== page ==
What I know to be true about Bosch Dishwashers: The average age is about 10 years old when we work on them. Compared to Frigidaire, Whirlpool, and the occasional Maytag, which are about 5-7 years old. The Samsungs and LGs tend to be 5 or less years old.
Just went out on a samsung sxs, had a huge surge at customers house. We checked the Inverter board and the control board... Control looked besides the blown fuse, and the inverter was shot. Replaced inverter and changed fuse on the control. Plugged back in, nothing. No power anywhere. Took the lower back panel and there was a filter board, blown out. Bypassed temporary, and got the fridge going.
So, check behind the lower panel too. These Samsungs have more PCB than the space shuttle!
We have had more machines give all sorts of symptoms and the root cause had been the shift actuator. With this style machine, you basically have to throw logic out the door. Whirlpool has, just look at the price they want for the main control board.....
Washer wasn't spinning and found that the wax motor was bad and the r11 thermisistor was burnt. I was looking at getting the thermisitor to repair the board and most thing say to replace r11 and q6. The q6 triac doesn't look burnt at all but I was wondering if I should replace it anyway since it is only around 8 dollars. Also I was wondering if anyone had experience repairing the r11 on this board.
Thanks for reading and thanks for any input
Also, not a thermistor, but rather a resistor. hence the "r" in r11.
This is my supervisor's favorite machine. This is the only machine he collects used parts. Everything else gets recycled. He has attempted to repair the board a few times, haven't be successful yet. Like Samurai suggest, replace the board, along with the wax motor.
How do you know that the used timer doesn't have the same problem? Or worse, a different problem? This machine gets a lot of used, contact closing and opening every wash, many washes a day. Chaulk it to wear and tear. I'd put in a new timer. No monkeying around buying used ones.
Yes it will not unlock. I did replace the wax motor and the relays showed no signs of damage or burn outs. If I manually press the off button after about five min. The wax motor releases and allows me to open the washer door.
The wax motor is designed to stay locked for about a minute after voltage is no longer being applied. If it continues to be locked, for five mins, rather than a minute:
A.) check to see if voltage is still present at the wax motor after you cancel the load.
B.) Make sure the new wax motor is installed properly and everything is latching/unlatching easily.
C.) At the wax motor, there is no voltage at the end of the load or after canceling, and it remains locked much longer than 1 minute, you may have a defective part.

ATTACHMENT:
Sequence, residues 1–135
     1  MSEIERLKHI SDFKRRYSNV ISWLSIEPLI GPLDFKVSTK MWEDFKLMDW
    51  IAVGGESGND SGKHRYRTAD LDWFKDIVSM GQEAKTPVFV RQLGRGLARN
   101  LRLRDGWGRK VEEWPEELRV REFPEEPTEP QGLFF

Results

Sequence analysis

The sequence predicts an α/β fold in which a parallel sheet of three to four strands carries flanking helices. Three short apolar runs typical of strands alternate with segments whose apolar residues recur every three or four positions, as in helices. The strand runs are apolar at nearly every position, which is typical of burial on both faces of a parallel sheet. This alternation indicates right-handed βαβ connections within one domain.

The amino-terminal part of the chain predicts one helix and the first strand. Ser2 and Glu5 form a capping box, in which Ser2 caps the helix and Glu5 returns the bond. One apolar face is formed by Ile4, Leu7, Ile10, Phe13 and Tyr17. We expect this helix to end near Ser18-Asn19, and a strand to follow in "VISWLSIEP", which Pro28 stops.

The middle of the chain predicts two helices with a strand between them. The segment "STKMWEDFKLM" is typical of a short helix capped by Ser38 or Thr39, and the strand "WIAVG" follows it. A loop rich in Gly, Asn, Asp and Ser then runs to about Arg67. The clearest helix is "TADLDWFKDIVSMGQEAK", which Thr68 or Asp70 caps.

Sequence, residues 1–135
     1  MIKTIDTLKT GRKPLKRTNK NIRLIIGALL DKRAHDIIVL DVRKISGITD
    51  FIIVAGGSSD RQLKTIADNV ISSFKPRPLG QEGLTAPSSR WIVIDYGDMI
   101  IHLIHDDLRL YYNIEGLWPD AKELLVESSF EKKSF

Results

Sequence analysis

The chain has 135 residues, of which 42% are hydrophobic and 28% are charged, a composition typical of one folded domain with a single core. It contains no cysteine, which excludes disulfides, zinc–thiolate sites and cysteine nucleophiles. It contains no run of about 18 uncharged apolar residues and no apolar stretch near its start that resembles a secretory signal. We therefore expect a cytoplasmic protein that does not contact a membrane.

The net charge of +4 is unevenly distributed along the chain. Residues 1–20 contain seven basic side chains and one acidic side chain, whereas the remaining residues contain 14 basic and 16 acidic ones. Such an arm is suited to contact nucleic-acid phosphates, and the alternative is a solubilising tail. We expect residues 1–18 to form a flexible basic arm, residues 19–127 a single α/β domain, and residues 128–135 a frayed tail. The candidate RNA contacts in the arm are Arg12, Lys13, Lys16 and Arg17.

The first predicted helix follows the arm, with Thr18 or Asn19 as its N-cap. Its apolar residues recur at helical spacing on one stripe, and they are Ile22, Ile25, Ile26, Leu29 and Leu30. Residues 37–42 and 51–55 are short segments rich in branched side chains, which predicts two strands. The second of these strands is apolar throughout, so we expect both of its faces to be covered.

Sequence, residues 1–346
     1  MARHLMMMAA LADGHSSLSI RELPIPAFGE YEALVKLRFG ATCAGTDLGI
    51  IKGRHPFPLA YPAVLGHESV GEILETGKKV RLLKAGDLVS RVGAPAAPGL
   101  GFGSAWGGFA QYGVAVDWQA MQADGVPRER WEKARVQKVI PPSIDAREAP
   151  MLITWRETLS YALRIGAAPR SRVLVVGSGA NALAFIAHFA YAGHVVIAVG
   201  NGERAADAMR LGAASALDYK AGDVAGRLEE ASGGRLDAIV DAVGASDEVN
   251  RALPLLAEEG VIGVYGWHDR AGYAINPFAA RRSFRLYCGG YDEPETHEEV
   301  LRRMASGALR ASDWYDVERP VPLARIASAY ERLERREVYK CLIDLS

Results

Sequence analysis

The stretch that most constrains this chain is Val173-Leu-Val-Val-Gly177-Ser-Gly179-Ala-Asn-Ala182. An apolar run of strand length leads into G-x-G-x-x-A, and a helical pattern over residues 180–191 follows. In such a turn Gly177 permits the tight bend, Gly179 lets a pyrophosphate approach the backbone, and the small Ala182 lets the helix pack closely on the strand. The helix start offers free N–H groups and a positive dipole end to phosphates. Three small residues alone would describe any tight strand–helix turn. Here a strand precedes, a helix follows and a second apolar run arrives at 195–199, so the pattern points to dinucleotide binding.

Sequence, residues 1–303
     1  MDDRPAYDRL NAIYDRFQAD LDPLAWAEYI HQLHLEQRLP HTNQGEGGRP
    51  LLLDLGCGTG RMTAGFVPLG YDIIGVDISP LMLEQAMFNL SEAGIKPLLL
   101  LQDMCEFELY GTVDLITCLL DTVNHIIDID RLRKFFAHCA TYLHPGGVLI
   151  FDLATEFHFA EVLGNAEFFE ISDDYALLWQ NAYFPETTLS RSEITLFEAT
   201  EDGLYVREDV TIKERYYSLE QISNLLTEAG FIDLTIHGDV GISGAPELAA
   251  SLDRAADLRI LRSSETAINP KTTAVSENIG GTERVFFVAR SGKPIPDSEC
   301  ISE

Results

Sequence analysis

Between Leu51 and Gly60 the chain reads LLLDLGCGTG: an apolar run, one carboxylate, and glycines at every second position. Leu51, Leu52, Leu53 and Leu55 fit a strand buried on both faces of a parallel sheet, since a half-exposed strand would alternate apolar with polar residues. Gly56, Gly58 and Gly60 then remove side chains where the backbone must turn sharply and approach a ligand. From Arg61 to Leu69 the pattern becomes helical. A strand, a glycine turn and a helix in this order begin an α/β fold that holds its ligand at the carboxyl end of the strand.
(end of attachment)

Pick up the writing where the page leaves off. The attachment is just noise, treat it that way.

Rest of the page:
A GFCI protection device operates on the principle of monitoring the imbalanced of current between the circuits ungrounded (hot) and grounded (neutral) conductor. An interesting point about these devices is that despite their name - they will operate on a circuitwithout a ground. In a typical 2-wire circuit, the current returning to the power supply will be equal to the current leaving the power supply (except for some small leakage). If the difference between the current leaving and returning through the current transformer of the GFCI protection device exceeds 5 mA (+ - 1 mA), the solid-state circuitry opens the switching contacts and de-energizes the circuit (Figure 1).
Well Durham saying it was enough for me alone. I was just looking for more understanding of how and why the gfi would trip.
I know it looks for voltage changes between supply and neutral. Since a heating element is kinda like a short I was wondering if that is caused it to trip. But, it that were the case seems like toasters, and space heaters would also trip them?
Hell I dunno, just couldn't find a short in the dishwasher.
Wrong. GFCI measures current. They are designed to trip when there is a difference of current from the hot to neutral also known as a ground fault. Example. Circuit is drawing 5 amps. Neutral should also measure 5 amps. If there is 5 amps on the hot and only 4 on the neutral, GFCI will trip. The current is finding a different path back to its source. Mike Holts GFCI book is a great tool to learn more about GFCIs.
It's about 5-6 years old. It's making a lot of sense now, because we had a party this past weekend and my lovely wife had set it to fast ice on Sunday. We noticed the problem on Monday morning. This is the first and only time I have ever had this happen. Cooler weather=colder input water=less energy to freeze. Add to that the whole fast ice thing and bingo! Frozen line! Any expert advice on how to salvage what's in the freezer short of get a cooler and cook what you have to? Maybe just take the door outside and cut a piece of thick rigid insulation and shove it where the door was.
On some models, you may be able to used a quicker method. Using a blow dryer along the outside along the hinge side. It works about 50% of the time. The down side, you want to apply minimum heat to the door gasket.
The connector was lose, I had replaced the heat element that burned out, and slid the connector on, not really paying attention (will now) on how easy it slid on. It was weaken from heat, I pinched it back tight. This time it didn't just slide on.
Also any discoloration of the terminal ends. It is usually caused by a loose connection, ie weak spot in the circuit, more resistance=heating up where it shouldn't be. The wire would need a new terminal end. One of the many things we inspect while looking at any appliance.
I've only seen one or two of these so bare with me. I believe there a couple of screws on top, that need to come out. The control panel needs to come out too. (I think) There is a access panel below the control panel, above the washer. From there, you just need to take it apart from the front.... just one screw at a time.